The use of transient elastography in the management of chronic hepatitis B

2011 Hepatology International 5;4 (868-875)

There has been increasing interest in noninvasive methods of assessing liver fibrosis over the last decade. The use of transient elastography in measuring liver stiffness has become the forefront of a wide range of noninvasive tools. Most of the other methods are based on measurements of biomarkers associated with fibrosis. There are several reasons for its wide acceptance, including the ease of performing a scan, the short procedure time, the results being immediately available on completion of the examination, and its reproducibility. For chronic hepatitis B (CHB), the cut-off values for F3 and F4 fibrosis range between 7.5-12.0 and 11.0-13.4 kPa, respectively, although the cut-offs may be slightly lower in those with normal ALT. In addition to measuring liver fibrosis, recent studies have demonstrated several other roles for transient elastography, including selecting patients who will benefit from antiviral therapy, monitoring response to antiviral therapy, and predicting long-term outcomes. However, there are limitations associated with transient elastography, including the confounding effects of inflammatory activity, and to a lesser extent, steatosis, on liver stiffness. There is also reduced accuracy observed in lower fibrosis stages (F0-F2). Furthermore, the incidences of failed and unreliable scan have been reported to be ~ 3 and 16%, respectively. Although liver biopsy can be avoided in an estimated 50-60% using transient elastography, in situations where liver stiffness measurement is nondiagnostic or inconsistent with the clinical picture, a biopsy is still recommended. Further studies are needed to consolidate the role of transient elastography in the management of CHB, and for incorporation of this method into current treatment guidelines.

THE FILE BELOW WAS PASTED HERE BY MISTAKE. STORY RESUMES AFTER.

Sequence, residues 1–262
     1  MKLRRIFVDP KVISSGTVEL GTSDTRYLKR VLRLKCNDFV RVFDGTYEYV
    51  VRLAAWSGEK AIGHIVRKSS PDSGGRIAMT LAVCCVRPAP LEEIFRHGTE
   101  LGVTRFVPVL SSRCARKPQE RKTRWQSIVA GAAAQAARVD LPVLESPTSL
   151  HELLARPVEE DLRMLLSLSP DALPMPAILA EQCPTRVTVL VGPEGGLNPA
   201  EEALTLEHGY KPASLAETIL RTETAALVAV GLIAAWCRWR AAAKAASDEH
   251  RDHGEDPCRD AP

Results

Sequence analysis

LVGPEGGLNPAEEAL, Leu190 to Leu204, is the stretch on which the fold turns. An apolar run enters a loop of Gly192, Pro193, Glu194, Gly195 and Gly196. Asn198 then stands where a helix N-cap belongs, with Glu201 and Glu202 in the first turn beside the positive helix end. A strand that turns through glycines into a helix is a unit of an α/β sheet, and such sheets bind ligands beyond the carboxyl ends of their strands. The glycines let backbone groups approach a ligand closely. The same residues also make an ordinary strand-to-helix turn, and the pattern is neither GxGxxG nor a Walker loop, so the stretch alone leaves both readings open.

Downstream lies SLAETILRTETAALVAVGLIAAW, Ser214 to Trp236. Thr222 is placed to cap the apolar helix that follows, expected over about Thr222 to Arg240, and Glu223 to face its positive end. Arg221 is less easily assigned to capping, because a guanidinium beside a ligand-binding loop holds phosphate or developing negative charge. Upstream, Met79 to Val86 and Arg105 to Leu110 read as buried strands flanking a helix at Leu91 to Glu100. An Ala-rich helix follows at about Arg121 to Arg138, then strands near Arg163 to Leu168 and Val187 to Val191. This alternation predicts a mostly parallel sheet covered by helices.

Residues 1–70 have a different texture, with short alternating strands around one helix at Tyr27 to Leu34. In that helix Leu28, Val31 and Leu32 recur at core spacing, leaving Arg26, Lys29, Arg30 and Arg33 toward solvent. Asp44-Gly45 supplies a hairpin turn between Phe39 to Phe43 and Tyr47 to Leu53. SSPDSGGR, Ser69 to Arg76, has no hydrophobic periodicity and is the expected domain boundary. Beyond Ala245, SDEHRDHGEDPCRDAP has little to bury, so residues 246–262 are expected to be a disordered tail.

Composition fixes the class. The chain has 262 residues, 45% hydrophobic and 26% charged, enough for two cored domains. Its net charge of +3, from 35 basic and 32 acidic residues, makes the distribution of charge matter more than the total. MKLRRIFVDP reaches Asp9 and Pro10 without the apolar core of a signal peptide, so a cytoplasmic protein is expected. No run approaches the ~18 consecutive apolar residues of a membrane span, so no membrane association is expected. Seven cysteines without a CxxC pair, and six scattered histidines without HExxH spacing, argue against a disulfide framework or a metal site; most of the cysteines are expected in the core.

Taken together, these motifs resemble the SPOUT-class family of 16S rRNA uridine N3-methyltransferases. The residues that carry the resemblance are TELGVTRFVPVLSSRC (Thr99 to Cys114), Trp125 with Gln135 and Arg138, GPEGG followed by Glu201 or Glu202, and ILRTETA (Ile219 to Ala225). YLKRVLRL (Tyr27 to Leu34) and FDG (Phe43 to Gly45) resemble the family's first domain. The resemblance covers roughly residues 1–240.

Pubmed : 21695588